Change is an ever-present force in motorsport, but I can’t recall a year that promises quite as much of it as 2022 does.

Just look at the number of categories introducing dramatically overhauled rules packages, including Formula 1, WRC, WRX, Nascar, the BTCC and Australian Supercars. Add in the WEC and DTM in the second season with new cars and Indycar and Formula E beginning the final year for theirs and every top-level category is undergoing significant change.

The reasons for this unusual confluence are varied and in part because several changes were delayed due to Covid-19. But there was always going to be fundamental shifts, reflecting those in the world of road cars.

The electrification of the car industry has been a driving force for some changes (WRX is going electric, the BTCC and WRC are going hybrid), as is the need to cut costs (key to the new F1, Nascar and Supercars rules). And underpinning them all is a push to create better racing, both by reducing the gap between the front and back of the grid and by making cars that can race more closely.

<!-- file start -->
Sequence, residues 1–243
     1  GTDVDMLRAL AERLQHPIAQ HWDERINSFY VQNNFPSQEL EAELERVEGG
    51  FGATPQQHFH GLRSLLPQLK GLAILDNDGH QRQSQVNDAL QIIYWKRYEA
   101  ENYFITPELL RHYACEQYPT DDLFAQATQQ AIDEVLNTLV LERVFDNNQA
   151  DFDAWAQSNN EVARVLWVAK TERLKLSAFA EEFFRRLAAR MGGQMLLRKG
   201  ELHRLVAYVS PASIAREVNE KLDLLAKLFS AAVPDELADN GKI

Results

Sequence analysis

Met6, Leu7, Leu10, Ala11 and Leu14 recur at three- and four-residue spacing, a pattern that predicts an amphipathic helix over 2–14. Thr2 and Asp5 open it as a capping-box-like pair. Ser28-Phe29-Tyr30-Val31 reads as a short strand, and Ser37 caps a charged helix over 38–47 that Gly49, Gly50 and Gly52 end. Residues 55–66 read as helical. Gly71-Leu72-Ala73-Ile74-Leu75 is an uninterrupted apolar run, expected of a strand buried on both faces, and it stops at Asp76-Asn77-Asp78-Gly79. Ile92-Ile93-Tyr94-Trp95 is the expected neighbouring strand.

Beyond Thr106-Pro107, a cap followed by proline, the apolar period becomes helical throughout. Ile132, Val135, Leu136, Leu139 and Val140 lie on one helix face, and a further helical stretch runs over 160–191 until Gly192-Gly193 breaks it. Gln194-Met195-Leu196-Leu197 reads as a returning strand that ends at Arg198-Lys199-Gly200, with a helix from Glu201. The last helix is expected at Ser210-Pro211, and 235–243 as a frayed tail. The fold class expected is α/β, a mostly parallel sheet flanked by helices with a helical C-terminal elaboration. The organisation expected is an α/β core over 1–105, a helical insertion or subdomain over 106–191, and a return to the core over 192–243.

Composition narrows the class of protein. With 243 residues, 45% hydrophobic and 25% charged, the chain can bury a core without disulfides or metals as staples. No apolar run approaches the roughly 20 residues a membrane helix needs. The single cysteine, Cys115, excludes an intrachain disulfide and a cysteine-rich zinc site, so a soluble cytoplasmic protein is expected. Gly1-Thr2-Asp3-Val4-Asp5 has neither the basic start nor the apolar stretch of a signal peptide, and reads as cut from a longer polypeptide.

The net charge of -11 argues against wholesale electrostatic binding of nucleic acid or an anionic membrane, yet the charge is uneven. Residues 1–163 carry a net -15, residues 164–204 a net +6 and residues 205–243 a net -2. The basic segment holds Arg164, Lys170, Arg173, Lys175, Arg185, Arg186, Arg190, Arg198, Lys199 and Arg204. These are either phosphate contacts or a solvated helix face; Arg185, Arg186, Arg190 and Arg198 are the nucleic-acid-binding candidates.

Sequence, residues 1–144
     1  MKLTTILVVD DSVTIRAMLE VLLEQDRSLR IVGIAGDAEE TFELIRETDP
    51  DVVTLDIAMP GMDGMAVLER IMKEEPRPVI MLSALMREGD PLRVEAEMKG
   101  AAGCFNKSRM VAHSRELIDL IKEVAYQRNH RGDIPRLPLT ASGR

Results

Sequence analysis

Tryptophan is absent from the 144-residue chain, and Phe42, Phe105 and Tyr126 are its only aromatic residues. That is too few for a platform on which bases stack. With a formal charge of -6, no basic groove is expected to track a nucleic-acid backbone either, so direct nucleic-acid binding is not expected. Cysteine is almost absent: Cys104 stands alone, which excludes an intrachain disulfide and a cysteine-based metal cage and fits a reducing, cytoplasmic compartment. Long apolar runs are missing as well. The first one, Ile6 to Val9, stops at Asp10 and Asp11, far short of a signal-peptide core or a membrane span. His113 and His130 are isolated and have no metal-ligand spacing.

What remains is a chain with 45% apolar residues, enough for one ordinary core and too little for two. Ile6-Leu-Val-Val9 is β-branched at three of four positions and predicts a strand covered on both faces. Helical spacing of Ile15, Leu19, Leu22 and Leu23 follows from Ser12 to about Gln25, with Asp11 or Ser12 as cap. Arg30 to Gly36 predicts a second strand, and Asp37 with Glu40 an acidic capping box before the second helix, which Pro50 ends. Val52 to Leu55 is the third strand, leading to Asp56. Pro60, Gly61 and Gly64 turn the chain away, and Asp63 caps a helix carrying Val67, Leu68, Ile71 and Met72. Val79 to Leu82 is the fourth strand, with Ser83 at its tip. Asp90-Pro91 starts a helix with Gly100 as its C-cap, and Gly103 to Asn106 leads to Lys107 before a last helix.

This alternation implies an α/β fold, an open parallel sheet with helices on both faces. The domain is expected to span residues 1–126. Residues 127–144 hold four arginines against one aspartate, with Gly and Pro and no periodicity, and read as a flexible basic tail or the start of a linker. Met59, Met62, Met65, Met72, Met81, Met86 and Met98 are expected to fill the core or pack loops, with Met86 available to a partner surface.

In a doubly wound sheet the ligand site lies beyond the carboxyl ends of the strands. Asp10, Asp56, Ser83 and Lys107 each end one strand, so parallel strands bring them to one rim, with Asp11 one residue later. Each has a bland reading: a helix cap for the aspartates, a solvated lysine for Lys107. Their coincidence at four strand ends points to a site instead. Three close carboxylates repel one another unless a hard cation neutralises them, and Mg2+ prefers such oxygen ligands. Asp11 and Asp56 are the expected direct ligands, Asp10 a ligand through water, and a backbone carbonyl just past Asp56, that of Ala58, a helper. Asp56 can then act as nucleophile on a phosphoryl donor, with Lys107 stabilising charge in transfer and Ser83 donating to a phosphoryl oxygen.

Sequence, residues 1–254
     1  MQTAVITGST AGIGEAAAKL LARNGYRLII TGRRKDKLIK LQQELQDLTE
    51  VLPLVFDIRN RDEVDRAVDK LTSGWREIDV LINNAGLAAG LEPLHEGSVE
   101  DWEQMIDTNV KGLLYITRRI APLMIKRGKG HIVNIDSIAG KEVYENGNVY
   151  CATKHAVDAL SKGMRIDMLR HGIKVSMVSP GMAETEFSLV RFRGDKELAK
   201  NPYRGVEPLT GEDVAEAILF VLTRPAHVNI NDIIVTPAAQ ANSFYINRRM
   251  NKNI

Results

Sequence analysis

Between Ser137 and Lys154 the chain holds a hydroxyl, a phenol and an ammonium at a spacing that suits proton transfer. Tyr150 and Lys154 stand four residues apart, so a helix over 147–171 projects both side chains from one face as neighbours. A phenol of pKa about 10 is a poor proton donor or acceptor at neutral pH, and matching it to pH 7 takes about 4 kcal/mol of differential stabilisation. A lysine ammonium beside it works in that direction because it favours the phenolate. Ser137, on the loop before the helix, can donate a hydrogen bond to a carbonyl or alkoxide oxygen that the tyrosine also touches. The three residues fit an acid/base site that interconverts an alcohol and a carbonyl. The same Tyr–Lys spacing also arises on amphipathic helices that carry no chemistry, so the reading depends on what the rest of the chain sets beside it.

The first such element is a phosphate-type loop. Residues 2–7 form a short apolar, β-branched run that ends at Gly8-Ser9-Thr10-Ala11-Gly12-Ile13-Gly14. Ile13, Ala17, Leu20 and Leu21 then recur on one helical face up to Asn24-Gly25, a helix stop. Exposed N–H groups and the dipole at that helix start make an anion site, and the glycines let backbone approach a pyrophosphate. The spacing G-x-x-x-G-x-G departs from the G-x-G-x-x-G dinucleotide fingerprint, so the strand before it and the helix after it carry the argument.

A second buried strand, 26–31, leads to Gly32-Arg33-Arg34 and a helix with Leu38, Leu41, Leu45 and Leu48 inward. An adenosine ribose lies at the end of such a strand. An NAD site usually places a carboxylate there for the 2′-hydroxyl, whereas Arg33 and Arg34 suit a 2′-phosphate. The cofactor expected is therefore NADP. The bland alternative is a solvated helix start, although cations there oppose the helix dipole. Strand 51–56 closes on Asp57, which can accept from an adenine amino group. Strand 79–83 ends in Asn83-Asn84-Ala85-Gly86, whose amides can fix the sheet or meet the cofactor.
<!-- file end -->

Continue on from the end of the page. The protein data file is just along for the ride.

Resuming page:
That’s an exciting prospect, so forgive me if I put a bit of a downer on things here, but… don’t actually expect the racing in many of those series to be closer than this year.

I know: way to dampen the party atmosphere. But the reality is that new rules packages in motorsport typically separate the competition at first. It takes time for teams and drivers to adjust to new cars, and some – usually but not always the best-funded and biggest teams with the most resources – will do so quicker than others. That could actually increase the gaps between the teams.

Think about how Mercedes-AMG made a jump with F1’s V6 turbo-hybrid rules in 2014 to gain an advantage it took until this year for another team to finally cut. Or how Brawn GP (using a car developed at huge expense by Honda before it quit the sport) dominated in 2009 thanks to it finding a double-diffuser loophole in the new chassis rules.

By contrast, rules stability tends to close up the field over time, because there’s less chance of a well-funded team finding an edge in the rules book. This year’s epic F1 title battle between Lewis Hamilton and Max Verstappen is a great example of that.